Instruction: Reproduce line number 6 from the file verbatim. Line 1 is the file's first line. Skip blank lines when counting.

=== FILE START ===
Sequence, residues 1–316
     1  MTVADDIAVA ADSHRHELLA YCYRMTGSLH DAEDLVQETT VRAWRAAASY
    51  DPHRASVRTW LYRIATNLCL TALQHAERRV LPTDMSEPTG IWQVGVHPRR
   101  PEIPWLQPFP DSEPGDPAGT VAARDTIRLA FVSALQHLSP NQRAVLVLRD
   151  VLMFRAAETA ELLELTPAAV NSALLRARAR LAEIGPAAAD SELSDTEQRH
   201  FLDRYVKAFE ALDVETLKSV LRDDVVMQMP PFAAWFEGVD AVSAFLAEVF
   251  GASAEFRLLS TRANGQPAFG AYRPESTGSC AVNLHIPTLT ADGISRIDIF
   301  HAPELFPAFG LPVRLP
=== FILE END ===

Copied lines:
   201  FLDRYVKAFE ALDVETLKSV LRDDVVMQMP PFAAWFEGVD AVSAFLAEVF